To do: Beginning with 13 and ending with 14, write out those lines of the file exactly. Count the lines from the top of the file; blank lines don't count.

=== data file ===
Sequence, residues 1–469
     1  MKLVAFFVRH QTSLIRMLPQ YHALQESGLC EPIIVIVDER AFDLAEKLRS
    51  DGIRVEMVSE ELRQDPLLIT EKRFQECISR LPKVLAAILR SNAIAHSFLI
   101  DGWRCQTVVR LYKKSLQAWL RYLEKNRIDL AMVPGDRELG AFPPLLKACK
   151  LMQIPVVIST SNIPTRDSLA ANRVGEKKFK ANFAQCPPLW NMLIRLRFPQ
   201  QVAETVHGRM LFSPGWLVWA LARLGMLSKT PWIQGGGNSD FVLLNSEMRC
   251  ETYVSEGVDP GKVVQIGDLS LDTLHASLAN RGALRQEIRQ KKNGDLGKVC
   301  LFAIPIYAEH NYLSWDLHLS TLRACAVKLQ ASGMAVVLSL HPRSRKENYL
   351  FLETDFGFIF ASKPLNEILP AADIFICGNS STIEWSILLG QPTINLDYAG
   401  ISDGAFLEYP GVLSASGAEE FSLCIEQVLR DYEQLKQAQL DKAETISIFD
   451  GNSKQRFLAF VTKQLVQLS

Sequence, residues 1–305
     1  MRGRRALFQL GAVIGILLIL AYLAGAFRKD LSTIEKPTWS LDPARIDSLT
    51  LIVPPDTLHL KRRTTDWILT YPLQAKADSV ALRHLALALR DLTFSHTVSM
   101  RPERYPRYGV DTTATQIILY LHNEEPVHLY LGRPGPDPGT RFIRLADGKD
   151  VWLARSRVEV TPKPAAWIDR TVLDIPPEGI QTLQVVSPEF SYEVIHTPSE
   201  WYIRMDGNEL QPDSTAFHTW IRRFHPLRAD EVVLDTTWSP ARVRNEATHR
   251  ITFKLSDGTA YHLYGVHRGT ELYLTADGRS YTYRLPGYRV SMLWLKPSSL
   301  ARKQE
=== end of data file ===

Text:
     1  MRGRRALFQL GAVIGILLIL AYLAGAFRKD LSTIEKPTWS LDPARIDSLT
    51  LIVPPDTLHL KRRTTDWILT YPLQAKADSV ALRHLALALR DLTFSHTVSM